It looks like a retreat from harsher realities; a heart-warming story about a baby born in a manger, a quaint fantasy of visiting kings, angels, and shepherds. But if we go back to the accounts of Jesus’ birth found in the gospels rather than on Christmas cards, that sharp distinction between the squalor and cruelty of the world we know and the serene spectacle of baby Jesus disappears. This is a story of poverty, desperation, and genocide; it takes place against the same backdrop of human misery and human atrocities as Christmas 2014.

That was written four years ago, but just this past fortnight I had cause to reflect on her sentiments. Martyn Iles wrote a piece on Nauru which appeared recently on the website of the Australian Christian Lobby. Nauru has been very much a topic in the news this past week and I don’t know want to get into a partisan debate but I do want us to consider what might be the call to us from Christ in situations such as this. Martyn Iles starts his piece:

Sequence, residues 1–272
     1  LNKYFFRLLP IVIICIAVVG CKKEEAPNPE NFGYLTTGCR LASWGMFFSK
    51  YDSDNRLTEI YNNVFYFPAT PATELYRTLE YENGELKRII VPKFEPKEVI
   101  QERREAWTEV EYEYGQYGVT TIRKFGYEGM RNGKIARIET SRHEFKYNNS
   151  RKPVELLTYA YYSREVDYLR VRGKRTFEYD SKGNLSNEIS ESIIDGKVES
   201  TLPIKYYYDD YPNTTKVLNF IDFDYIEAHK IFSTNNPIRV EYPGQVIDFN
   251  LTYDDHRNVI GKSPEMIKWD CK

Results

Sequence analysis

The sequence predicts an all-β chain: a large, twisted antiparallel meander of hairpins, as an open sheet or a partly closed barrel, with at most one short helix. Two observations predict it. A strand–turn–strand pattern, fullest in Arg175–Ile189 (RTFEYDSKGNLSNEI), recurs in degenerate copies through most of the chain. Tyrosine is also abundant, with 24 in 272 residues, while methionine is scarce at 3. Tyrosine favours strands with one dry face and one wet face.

Amongst Christians, a debate about Nauru rarely gets far before someone invokes Jesus. His parable of the Good Samaritan, His command to love our neighbour, even the notion that He was a refugee (sort of).

I don’t know about you, but reading all that, I started to get a worrying feeling as I read on … and I was justified, for he continued:

But here’s the thing … Jesus wasn’t telling the government what to do.

Further on, he elaborated on his views on government:

… the institution of government is not a citizen. As a citizen, duties flow to me from the commands of Christ. I must fulfil them … the government is not a citizen. They are different. They exist for different reasons.